- A variation on this idea developed by IBM in Zürich is the cantilever sensor: a series of flexible, microscopic silicon beams—each coated with a different polymer. When one of the beams absorbs a specific chemical, it bends slightly; the chip to which the beams are attached detects this change. A similar approach is being studied at Caltech.
- An entirely different approach involves using vapor-sensitive dyes called metalloporphyrins that change color when exposed to certain chemicals. By examining the “before” and “after” states of an array of these dyes, a computer can essentially “see” smells.
Decoding output from an array of sensors (of whatever sort) is an interesting challenge, because substances that are very similar chemically sometimes smell much different from each other; conversely, substances that smell nearly the same can be completely different at the molecular level. For this task, researchers often rely on neural networks, software that can be trained to identify patterns and make educated guesses about new combinations based on their similarities to patterns that have already been verified.
So where is all this technology going to be put to use? And what about those robots?
Follow Your Nose
Artificial noses show the most promise in applications where the human nose is insufficiently sensitive or discriminating. For example, sensors could detect when food is spoiled long before a human nose could—an artificial nose may be built into your refrigerator one day. Just as the bacteria that cause spoilage produce distinctive odors, so do some disease-causing bacteria. Devices have been developed that can diagnose numerous illnesses by smelling a patient’s breath.
But it’s one thing to be able to identify an odor in a test tube; it’s another to be able to trace the source of an airborne scent. This is where robots come in: a mobile platform with an artificial nose can continuously sample the air, reorienting itself dynamically to move in the direction where an odor is strongest. This makes robots that can smell ideal for locating gas leaks, explosives, drugs, and other dangerous stuff—since robots can go places where it would be unsafe to send a human or a dog. One rather gruesome use for sniffing robots is locating buried bodies; this is but one of many possible forensic applications. A mechanical bloodhound may be years in the future, but it’s not at all far-fetched.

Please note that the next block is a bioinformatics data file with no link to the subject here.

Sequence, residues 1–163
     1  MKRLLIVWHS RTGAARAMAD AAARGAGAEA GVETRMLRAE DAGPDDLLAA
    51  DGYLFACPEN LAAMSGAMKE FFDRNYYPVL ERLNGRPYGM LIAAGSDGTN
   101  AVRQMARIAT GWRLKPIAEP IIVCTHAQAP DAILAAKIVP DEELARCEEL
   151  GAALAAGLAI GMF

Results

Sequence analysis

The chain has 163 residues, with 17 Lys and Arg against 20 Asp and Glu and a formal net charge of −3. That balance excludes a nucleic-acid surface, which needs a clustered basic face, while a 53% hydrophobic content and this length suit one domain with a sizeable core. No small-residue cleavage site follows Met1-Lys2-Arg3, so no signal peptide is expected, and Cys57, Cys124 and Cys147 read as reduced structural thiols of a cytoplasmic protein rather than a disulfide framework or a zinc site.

If You Could Bottle This Smell…
Many years ago a company called DigiScents made headlines with its iSmell device, a desktop computer peripheral that could synthesize thousands of scents. Their idea was that games could be enhanced with smells (presumably lots of smoke and burnt rubber), email from that special someone could be scented with perfume, and so on. When DigiScents went out of business in 2001 before the iSmell became commercially available, no one was particularly surprised—why do we need to smell computer games, anyway? But I think the real problem was that they only had half of the solution ready: the output but no input. I suspect that if someone created a pocket-sized gadget that could record the scent of a bakery, garden, or any other smell you encounter and play it back accurately on command, it would be a huge success. I, for one, would gladly pay for a machine that could make scents of my childhood.
Note: This is an updated version of an article that originally appeared on Interesting Thing of the Day on July 9, 2004.